Cochrane Database of Systematic Reviews: Plain Language Summaries [Internet] - John Wiley & Sons, Ltd.

Version: 2014

Follicular lymphoma is a malignancy of the lymphatic system and a common type of non‐Hodgkin lymphoma. Follicular lymphoma arises from B‐cells, mainly affects older adults and because of its slow growth it is called an indolent lymphoma. Follicular lymphoma grows unnoticed for a long time and is recognised by lymph node enlargement, fever, weight loss, sweating or fatigue. It is called follicular lymphoma because affected lymph nodes show rounded structures called "follicles". Using computer tomography scans, bone marrow biopsy and blood tests, follicular lymphoma is classified into the early Ann Arbor stages I and II or the advanced Ann Arbor stages III or IV, which are diagnosed in the majority of patients. Prognosis and therapy are related to the extent of the disease at initial diagnosis. The small number of patients in stages I or II may be cured by radiotherapy. In advanced stages III or IV, patients are regarded as incurable. Chemotherapy plus the monoclonal antibody rituximab is considered as current treatment strategy for symptomatic patients in advanced stages. Positive effects of high‐dose therapy with transplantation of patients' own stem cells (autologous) are known for patients in advanced stages, especially for the endpoint progression‐free survival. However, this treatment option could have comparatively more treatment‐related late side effects than chemotherapy, including secondary malignancies.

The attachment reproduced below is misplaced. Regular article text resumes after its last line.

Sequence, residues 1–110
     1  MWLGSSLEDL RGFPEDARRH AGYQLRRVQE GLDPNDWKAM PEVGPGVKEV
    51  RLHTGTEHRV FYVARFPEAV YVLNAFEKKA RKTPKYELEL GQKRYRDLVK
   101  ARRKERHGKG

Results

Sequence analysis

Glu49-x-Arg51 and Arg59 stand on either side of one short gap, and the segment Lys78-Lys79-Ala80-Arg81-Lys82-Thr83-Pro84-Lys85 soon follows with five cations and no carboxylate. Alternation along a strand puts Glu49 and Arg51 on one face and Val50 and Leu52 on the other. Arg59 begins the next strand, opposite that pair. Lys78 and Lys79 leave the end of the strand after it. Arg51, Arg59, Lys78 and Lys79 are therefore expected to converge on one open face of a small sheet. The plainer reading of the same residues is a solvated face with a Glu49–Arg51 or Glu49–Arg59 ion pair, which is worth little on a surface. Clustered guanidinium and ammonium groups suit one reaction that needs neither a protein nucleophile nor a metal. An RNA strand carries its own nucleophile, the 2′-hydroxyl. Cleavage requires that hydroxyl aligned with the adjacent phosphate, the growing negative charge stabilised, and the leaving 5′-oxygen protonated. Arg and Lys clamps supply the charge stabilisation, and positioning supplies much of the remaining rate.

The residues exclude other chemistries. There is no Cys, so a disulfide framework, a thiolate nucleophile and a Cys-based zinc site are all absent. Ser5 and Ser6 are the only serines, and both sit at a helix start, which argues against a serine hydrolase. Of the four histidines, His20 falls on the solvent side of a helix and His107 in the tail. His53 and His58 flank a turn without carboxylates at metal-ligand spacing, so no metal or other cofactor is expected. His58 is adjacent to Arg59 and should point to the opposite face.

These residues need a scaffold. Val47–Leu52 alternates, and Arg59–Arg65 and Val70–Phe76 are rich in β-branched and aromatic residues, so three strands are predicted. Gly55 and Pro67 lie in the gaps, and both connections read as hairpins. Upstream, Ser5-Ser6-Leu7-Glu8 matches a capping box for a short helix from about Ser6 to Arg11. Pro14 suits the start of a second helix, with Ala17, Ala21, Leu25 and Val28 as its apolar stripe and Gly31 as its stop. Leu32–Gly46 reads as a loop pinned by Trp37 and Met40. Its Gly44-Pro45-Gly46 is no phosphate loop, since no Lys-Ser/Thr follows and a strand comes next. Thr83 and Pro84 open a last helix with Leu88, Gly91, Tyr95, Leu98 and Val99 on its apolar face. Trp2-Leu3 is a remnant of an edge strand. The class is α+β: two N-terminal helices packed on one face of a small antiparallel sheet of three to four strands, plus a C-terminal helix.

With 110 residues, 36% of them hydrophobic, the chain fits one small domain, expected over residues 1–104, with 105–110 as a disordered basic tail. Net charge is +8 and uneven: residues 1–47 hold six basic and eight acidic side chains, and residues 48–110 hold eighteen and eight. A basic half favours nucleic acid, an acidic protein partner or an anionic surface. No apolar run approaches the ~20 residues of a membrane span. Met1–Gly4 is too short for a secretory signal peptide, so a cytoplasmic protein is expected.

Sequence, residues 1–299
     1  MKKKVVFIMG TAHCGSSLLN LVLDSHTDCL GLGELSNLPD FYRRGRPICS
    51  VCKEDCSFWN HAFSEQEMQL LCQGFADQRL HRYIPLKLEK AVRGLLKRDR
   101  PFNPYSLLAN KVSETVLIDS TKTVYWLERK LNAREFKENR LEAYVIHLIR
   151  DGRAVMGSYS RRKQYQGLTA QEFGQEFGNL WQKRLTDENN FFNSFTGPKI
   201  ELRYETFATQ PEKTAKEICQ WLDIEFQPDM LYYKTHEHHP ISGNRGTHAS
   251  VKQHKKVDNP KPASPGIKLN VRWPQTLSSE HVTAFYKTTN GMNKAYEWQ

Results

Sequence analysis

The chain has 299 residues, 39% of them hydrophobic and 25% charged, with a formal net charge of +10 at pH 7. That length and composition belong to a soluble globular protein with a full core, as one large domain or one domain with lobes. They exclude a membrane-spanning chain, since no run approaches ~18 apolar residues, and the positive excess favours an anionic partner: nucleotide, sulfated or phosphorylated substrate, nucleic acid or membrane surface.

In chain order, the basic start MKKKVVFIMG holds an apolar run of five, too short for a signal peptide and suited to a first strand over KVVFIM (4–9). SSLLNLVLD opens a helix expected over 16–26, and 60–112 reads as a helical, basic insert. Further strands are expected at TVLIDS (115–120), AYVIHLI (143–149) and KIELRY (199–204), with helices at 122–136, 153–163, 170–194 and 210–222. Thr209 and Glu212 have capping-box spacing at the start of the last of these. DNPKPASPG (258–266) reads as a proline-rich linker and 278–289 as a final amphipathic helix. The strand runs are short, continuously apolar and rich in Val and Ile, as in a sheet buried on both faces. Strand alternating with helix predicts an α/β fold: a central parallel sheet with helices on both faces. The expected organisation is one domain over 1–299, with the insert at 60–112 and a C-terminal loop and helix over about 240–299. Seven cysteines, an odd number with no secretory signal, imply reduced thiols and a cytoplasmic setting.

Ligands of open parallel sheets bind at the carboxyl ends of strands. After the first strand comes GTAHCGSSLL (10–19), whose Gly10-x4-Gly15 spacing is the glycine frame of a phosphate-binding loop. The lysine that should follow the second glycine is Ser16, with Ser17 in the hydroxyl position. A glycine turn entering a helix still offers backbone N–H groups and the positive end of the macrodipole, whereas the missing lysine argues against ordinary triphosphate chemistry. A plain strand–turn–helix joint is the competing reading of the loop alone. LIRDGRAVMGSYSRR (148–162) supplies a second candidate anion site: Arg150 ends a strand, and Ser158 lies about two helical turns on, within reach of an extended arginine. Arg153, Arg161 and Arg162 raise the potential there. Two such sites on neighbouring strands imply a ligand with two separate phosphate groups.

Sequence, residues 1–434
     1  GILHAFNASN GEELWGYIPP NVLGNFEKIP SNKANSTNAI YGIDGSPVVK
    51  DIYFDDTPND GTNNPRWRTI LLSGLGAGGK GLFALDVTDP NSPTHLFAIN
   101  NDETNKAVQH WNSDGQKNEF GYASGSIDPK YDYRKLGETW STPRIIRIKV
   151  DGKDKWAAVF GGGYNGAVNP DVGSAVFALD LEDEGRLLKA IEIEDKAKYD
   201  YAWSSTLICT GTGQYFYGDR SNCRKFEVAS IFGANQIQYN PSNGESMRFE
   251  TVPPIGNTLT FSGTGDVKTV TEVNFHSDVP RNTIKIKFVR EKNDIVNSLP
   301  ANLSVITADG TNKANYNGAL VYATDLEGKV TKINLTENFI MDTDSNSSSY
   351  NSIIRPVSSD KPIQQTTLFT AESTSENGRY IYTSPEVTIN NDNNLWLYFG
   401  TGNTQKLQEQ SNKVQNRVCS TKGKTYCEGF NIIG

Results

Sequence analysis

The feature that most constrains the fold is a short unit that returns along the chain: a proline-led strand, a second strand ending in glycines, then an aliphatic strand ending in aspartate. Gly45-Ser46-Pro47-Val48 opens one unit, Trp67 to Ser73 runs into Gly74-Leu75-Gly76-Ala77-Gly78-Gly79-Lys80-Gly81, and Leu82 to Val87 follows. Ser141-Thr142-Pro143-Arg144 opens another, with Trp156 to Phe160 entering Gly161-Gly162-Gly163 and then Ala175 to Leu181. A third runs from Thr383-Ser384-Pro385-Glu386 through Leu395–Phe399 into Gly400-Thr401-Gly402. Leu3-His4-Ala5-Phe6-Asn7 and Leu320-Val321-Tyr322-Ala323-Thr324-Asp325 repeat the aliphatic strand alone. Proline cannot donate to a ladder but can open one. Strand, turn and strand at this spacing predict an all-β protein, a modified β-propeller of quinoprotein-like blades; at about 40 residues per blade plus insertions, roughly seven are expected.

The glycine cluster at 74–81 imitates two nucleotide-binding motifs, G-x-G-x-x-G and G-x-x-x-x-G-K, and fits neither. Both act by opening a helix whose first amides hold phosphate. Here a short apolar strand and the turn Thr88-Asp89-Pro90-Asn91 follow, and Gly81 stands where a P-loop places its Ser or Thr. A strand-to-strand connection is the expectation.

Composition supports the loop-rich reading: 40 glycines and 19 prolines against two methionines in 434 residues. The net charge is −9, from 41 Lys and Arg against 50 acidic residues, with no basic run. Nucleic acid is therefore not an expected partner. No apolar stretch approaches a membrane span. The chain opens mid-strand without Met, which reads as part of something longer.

Cochrane Database of Systematic Reviews: Plain Language Summaries [Internet] - John Wiley & Sons, Ltd.

Version: 2011

For the treatment of early unfavourable and advanced stage Hodgkin lymphoma (HL) two different international standards are commonly used, either chemotherapy with escalated (intensified) BEACOPP (bleomycin, etoposide, doxorubicin, cyclophosphamide, vincristine, procarbazine, prednisone) regimen or chemotherapy with ABVD (doxorubicin, bleomycin, vinblastine, dacarbazine) regimen.

Cochrane Database of Systematic Reviews: Plain Language Summaries [Internet] - John Wiley & Sons, Ltd.

Version: May 25, 2017